For a man who reckoned he had failed his television audition, Arthur Montford proved to be an unmitigated success in the medium in Scotland, presiding over STV’s Scotsport for 32 years, during which he became part of the fabric of the nation.
His passing at the age of 85 has seen many people recall a simpler, purer age of television, when a hugely knowledgable broadcaster such as Montford could present a weekly sports programme with dignity and charm – more than 2,000 of them, in fact, between 1957 and 1989, making his tenure the longest stint presenting a sports programme in Britain.
He had no need for gimmicks but was famed for his check jacket – it was of a houndstooth pattern that he later donated to charity – and his unique turn of phrase, as well as his passionate support of the Scottish national team. Montford’s avuncular image belied a man of immense professionalism.
He made it look and sound so easy, and invariably it never was, his talent overcoming the many problems that sports broadcasting suffered from in its infancy.
Indeed, with Archie McPherson and others at the BBC, he was one of the pioneers of sports broadcasting in Scotland, his career covering the era of canned film of games that were rushed to the Glasgow studios to be broadcast to cathode ray tubes, up to the age of constant live satellite transmissions, electronic video machines and instant replays.
Montford sailed through it all, and in the process became one of the most familiar, well-liked and respected faces on television.
Born the son of a journalist, Sid, who spent a long career at the Glasgow Evening News and Daily Record, Montford was educated at Greenock Academy after the family moved there from Glasgow. Greenock and the Academy gave him a lifelong love of the town’s club Morton FC, and his friend from schooldays, Douglas Rae, now owns the club.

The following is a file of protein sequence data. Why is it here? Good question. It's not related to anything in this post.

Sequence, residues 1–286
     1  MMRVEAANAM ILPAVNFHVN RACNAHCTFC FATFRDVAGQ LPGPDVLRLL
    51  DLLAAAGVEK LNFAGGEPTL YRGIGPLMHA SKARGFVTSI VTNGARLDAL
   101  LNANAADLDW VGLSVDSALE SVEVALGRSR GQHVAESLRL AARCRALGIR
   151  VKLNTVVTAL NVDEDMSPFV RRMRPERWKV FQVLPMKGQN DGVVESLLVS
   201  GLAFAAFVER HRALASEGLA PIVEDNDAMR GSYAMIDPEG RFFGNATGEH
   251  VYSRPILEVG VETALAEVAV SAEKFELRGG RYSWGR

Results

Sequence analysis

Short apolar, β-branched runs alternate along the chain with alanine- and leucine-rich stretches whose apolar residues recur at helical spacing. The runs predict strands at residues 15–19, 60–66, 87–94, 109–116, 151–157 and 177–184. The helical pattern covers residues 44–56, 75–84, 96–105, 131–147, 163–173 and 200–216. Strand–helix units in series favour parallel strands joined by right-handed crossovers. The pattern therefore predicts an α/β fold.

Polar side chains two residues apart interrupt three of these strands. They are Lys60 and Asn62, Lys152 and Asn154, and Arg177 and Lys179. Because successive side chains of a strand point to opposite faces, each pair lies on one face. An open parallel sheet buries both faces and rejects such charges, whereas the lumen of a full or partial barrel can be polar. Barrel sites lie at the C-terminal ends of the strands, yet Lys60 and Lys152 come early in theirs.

Montford told the Academy rector, a Mr William Dewar, that he would become a journalist and after national service in the army, he joined the News as an office boy, before making the graduation through the ranks to reporter, working for the News, then the Daily Record before joining the sports desk of the Evening Times.
While there he covered numerous sports, but it was football that became his main sport, and he was asked by the BBC’s well-known producer Peter Thomson to do some match reports for radio. These went well, and when BBC sports editor John Wilson joined Scottish Television in 1957, he asked Montford to join him in the new commercial visual age.
Montford’s audition in Maryhill Burgh Hall was dismal, but he was given another chance at the Theatre Royal and more than passed muster. With his pleasant, distinctive voice a singular asset, he became STV’s continuity announcer as well as sports reporter.
He soon concentrated on the latter, however, and one of the feats he personally claimed was to thwart the BBC’s attempt to have exclusive coverage of the famous Real Madrid v Eintracht Frankfurt European Cup Final at Hampden in 1960 – Montford and the STV crew marched in front of the North Stand and stayed there.